Monday, December 15, 2014

Balanced funds - a good option for a first time investor

My article in Mumbai edition of Gujarati Mid-day today

The English translation is as under:

“What are balanced funds? I heard an expert recommending these funds for a conservative investor.” Someone asked. “As the name suggests, such funds should be expected to maintain balance. Am I correct?”
Well, a balanced fund should be understood as a hybrid fund that invests larger portion in equity and some in fixed income securities. The word “balanced” might have been used as in the beginning one would have tried to maintain equal allocation to the two assets, viz., equity and fixed income. However, later on, the allocation changed due to changes in the Income Tax Act (the Act).
As per the Act, a fund is categorized as an equity fund if at least 65% of the fund’s assets are invested in equity shares listed in India. Equity funds enjoy better tax treatment as compared to the other categories. Due to this, the balanced funds invest more than 65% of the fund’s assets in equity shares.
Having said this, these funds are still less risky as compared to the equity funds and hence the same might be a good starting point for a new investor. Let us look at the performance of these funds, especially when the equity markets fell.
We looked at calendar year data of performance of scheme categories – these numbers are added for all schemes in a particular category.
In the last 10 years, there were two calendar years in which equity markets fell: 2008 and 2011.
BSE Sensex fell by more than 52% in 2008 and by more than 24% in 2011. In these two years, the balanced fund category lost 37.14% and 15.41%, respectively as compared to equity multicap funds category, which lost 53.90% and 24.60%, respectively.
As can be seen, the balanced funds lost much less than the pure equity funds in the falling markets. However, in rising markets, equity funds did better than balanced funds in 7 years whereas balanced funds outperformed the equity funds in 1 year.
Thus, we can see that in the rising equity markets, balanced funds do not rise as much as the equity funds, but they provide reasonable protection in falling markets.
It is this characteristic of the balanced funds that make them suitable for a beginner. The equity allocation provides potential of capital appreciation, debt provides cushion against steep fall and classification as equity funds result into better tax-efficiency.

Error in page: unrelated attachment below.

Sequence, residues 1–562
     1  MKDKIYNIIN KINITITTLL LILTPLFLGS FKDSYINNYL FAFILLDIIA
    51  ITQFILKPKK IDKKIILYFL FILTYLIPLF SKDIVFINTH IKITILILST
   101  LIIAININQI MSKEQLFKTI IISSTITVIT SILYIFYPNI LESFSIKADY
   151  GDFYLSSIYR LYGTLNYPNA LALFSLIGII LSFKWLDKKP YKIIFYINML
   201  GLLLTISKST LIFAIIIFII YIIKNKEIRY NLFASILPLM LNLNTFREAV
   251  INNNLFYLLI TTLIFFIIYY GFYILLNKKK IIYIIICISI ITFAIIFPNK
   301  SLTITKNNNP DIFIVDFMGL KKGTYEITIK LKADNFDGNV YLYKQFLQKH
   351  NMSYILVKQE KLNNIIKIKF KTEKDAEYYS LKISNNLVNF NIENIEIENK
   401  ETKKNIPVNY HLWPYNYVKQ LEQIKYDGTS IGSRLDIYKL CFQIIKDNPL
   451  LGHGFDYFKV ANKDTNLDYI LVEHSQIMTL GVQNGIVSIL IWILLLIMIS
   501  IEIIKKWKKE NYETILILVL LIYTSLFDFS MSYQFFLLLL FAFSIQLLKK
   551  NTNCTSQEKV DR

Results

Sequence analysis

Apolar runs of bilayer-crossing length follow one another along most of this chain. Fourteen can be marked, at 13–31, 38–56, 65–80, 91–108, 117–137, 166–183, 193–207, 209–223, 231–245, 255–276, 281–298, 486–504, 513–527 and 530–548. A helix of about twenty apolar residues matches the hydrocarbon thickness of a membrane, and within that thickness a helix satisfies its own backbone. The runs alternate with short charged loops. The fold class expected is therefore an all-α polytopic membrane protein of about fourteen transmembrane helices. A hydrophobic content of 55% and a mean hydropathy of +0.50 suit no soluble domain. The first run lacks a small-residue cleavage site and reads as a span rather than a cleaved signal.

Coming back to the numbers, it is important to note that these funds may also exhibit steep fall in value as can be seen from the performance in the year 2008. Balanced funds as a category fell by as much as 37% during the year. This is quite a steep fall by any standards. Hence, one should not expect these funds to provide complete protection when the markets fall. Even in 2011, when the Sensex fell by roughly 25%, balanced funds lost around 17% for the year.
However, there is a hidden benefit here. When the markets fall, the equity allocation loses value, but the debt allocation would not. This results into the equity allocation being lower than what one started with.
Let us say, the scheme started with Rs. 70 allocation to equity and Rs. 30 to fixed income. After a year, equity had lost 25% and fixed income had earned 9%.
This means, the year-end values of equity and fixed income allocations would be Rs. 52.50 and fixed income allocation would be Rs. 32.70. This means the equity allocation is below 65%. In order to maintain the fund’s status as an equity fund, the equity portion needs to be increased. This can be achieved by selling some part of fixed income component to buy equity. This process is also known as rebalancing.
This rebalancing results into the fund buying equity when the prices are low.
Balanced funds are good for beginners. However, as explained, one must understand the limitations of the same. Some of the biggest limitations would be:
1.     In rising markets, balanced funds may underperform equity funds
2.     In falling markets, the NAV of balanced funds may fall, though not as much as equity funds
3.     Long term returns from balanced funds could be lower than equity funds, if equity markets exhibit a long term rising trend.
Happy investing.
Amit Trivedi
The author runs Karmayog Knowledge Academy. The views expressed are his personal opinions.

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